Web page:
Brussels, 16 June 2010 - The European Council of next 17 June is about to adopt the ‘Europe 2020’ agenda, which will set the EU’s strategic priorities for the next ten years and, at the same time, politically endorse the Integrated Guidelines for the economic and employment policies of the Member States.
Much of the ‘Europe 2020’ agenda will set the necessary measures to achieve macroeconomic and financial stabilisation, and thus to stimulate new economic growth in
Caritas Europa has welcomed the results of the meeting of the Employment and Social Affairs Ministers, held on last 8 June, concerning the headline target of promoting social inclusion and combating poverty. On that occasion the Ministers agreed to propose that this target should be formulated in such a way that the much-discussed 20 million people, to be lifted out of poverty, shall be read as a minimal quantitative threshold. In this setting, there would be room for reducing poverty even by 30%, as advocated for by Caritas organisations in Europe in their ‘Political Proposals to European Decision Makers’, launched at the recent European Congress on Poverty and Social Exclusion jointly held by Caritas Europa and Caritas Spain in Madrid.
According to the Political Proposals, a central way to achieve this target is offering equal opportunities for quality jobs for all, guaranteeing adequate basic income and equal access for all to quality social and healthcare services, in line with the Active Inclusion strategy. Investing in education and training is also fundamental, so that every person living in
Child poverty is another area where urgent intervention is necessary, for example by guaranteeing child allowances to every child. Children of poor families are often trapped into a vicious cycle that keeps them in poverty all along their lives.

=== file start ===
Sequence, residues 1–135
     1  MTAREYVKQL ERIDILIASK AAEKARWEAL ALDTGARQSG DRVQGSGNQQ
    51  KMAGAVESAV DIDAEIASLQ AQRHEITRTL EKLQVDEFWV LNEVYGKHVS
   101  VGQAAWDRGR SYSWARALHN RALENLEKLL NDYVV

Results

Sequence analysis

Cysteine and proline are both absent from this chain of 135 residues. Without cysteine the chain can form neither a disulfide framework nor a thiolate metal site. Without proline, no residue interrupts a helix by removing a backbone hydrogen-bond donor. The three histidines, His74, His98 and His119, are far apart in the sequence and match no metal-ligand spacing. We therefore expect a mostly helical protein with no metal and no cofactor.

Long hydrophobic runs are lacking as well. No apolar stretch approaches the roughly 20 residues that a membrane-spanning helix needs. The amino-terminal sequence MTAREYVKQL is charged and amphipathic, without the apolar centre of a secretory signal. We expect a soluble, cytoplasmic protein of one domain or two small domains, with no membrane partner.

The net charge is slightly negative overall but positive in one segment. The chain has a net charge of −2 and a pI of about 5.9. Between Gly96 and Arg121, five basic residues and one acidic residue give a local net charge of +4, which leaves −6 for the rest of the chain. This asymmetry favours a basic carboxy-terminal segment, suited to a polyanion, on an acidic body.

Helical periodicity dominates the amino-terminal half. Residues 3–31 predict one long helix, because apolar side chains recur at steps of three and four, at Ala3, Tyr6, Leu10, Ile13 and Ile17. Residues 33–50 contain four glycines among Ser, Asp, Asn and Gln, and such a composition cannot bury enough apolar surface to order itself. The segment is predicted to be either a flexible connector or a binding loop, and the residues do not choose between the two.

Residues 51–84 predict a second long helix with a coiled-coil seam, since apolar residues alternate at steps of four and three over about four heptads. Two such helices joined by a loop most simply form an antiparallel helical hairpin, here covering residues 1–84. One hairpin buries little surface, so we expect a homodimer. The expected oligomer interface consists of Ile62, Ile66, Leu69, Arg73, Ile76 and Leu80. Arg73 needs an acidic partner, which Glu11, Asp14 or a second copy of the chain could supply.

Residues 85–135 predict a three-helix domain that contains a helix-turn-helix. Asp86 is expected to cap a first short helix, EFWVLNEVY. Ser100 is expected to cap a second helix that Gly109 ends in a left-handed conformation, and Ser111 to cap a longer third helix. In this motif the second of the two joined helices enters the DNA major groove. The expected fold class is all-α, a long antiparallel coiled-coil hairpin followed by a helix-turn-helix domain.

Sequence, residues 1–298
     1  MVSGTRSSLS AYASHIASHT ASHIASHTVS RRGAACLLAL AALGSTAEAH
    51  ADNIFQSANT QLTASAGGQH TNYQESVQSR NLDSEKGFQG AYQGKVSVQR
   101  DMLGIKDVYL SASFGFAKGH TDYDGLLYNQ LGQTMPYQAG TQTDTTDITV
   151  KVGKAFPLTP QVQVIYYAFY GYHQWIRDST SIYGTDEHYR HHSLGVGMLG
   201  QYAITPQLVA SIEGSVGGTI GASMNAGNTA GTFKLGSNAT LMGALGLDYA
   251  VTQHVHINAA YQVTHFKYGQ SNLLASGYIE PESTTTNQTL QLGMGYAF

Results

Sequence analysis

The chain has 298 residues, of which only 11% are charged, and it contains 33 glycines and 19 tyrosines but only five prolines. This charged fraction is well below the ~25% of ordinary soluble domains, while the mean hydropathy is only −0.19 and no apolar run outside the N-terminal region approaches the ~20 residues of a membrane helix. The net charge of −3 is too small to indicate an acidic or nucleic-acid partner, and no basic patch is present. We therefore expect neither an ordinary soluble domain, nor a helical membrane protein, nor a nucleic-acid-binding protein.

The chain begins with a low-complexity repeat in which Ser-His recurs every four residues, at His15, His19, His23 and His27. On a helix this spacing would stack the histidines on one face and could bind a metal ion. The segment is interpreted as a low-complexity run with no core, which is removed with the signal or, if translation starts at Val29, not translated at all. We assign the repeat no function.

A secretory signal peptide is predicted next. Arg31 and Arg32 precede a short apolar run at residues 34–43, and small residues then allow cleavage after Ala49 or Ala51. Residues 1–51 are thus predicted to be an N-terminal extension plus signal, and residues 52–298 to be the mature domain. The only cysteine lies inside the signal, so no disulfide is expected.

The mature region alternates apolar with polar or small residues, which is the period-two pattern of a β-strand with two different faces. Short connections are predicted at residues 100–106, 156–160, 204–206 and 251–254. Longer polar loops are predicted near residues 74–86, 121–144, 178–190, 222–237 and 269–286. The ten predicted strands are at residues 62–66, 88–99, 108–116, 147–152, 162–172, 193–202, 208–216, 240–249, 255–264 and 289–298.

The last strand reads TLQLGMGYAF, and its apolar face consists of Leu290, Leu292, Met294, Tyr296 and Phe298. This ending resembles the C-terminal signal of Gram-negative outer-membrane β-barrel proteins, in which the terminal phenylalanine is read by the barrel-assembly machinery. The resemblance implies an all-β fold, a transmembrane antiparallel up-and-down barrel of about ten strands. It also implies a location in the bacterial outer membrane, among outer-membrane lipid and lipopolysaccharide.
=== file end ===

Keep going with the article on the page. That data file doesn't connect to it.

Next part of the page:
Persistently excluded groups such as ethnic minorities, migrants, disabled people or people living with or affected by HIV/AIDS are denied a stake in building a better future for all. In spite of the crisis, social protection systems in
European policy can be fatally short-sighted in many ways. Examples also come from European governments’ approach to climate change. Although
The quality and effectiveness of EU aid is another example. EU Policy Coherence for Development must be strengthened so that all EU external policies affecting the situation of developing countries support the objective of a sustainable and inclusive development. Better aid quality and more resources for development are needed to achieve the Millennium Development Goals by 2015.
Lastly, Caritas Europa calls on the European Council to ensure strong democratic governance throughout the whole ‘Europe 2020’ strategy. Stakeholders, social partners and the whole civil society must be included in designing, implementing, monitoring and evaluating the strategy.
As voiced by the Caritas ‘Zero Poverty’ campaign for the European Year 2010, a richer and socially more coherent society is possible. Caritas Europa hopes that the European Council will have the vision to see it.